I'm biased towards BRP as being the natural place for Moorcockian adventure, but hypothetically, what would be the focus of a 13th Age Stormbringer adaptation? Would you make the gods of Law/Chaos/Balance/Elements the Icons? What would the classes be?
  15. 1 point
    Precious snowflakes can suck it. They'll always find something to be offended about. The dude above/right is wearing FAR less, and hell most of the background men we're practically getting upskirt sausage shots. (shrug) It's a good cover.
  16. 1 point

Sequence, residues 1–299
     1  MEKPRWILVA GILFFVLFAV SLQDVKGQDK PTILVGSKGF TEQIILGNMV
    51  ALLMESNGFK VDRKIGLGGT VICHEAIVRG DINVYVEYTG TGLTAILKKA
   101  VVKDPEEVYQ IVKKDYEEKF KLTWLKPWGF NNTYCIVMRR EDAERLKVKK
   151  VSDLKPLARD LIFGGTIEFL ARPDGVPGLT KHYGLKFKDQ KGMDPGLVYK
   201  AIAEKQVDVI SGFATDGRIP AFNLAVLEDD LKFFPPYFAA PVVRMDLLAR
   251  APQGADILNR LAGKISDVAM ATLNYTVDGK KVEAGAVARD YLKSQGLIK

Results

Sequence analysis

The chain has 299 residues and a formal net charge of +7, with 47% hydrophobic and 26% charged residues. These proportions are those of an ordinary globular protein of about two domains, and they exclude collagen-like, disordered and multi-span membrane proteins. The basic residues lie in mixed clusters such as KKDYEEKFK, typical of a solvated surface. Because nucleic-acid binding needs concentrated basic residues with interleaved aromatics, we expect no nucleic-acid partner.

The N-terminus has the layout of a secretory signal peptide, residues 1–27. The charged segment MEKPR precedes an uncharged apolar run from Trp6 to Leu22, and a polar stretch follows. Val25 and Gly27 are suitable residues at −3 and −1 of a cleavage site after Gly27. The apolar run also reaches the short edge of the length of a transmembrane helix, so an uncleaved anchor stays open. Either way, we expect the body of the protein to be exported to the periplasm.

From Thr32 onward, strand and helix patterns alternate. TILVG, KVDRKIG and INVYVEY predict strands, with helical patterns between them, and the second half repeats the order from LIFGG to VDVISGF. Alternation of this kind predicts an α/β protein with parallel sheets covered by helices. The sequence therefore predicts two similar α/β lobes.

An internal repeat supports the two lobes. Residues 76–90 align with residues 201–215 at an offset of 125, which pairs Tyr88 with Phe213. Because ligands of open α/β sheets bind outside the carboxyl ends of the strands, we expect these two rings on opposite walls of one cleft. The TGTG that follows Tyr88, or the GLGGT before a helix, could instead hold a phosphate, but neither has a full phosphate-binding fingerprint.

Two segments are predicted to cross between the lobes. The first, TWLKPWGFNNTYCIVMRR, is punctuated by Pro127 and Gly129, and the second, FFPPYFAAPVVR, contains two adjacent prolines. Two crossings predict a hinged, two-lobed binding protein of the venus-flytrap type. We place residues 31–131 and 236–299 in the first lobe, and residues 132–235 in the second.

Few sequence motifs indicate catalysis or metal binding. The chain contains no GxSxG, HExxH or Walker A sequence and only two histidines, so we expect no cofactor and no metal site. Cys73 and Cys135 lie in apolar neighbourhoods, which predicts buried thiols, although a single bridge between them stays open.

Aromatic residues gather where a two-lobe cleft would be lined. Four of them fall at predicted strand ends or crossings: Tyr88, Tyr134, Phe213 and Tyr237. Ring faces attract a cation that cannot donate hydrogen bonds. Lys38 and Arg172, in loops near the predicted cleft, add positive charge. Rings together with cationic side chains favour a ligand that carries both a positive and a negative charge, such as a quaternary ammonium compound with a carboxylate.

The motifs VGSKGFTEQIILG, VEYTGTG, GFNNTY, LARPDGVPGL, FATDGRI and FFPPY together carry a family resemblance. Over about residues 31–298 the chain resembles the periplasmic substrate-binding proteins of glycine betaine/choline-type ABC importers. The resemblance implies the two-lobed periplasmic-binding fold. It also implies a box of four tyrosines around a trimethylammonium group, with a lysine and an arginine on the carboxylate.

The Bonus/Penalty Dice is a great idea if you don’t want fiddly modifiers, although Mythras’s modifiers (optional simple variant) works just as easy with +/- 20% and 40%. So all my BRP games now use one of these ways of calculating modifiers, however the Bonus/Penalty Dice feels the more pulpy of the two. Depends on what flavour I want to run. For RQ I would go with +/- 20% & 40% modifiers, although I think if magic used the Bonus/Penalty Dice that would be a nice touch, I agree it would make it feel a bit more handwavey and magical. In fact I am sort of doing this with my Pulp Cthulhu game. I use +/- 20% & 40% modifiers for natural modifiers, yet use the Bonus/Penalty Dice if PCs are performing actions that benefit from their Pulp Stunts. It makes the pulpiness shine, it feels quite good in this context. Pushing is another great mechanic, but as stated above, settings that use a Hero/Fate Pt mechanic may make it a bit redundant A good idea from CoC 7E that I have ported to my typical BRP game is the skill levels. Having that extra level of success (Hard Success = half skill %) is very handy. It was already present to some degree in various spot rules, but having it pertain to all rolls has been a useful way of determining who has the better success in opposed rolls. Great for Dodge as well, it prevents Dodge being a super skill Not a huge fan of recording core characteristics as a %, and I never updated that part of CoC 7E. Yeah I know it’s there for derived skills, but it looks inconsistent with all the usual stat blocks, and it just looks weird when you write down the STR, CON, SIZ for large beasts etc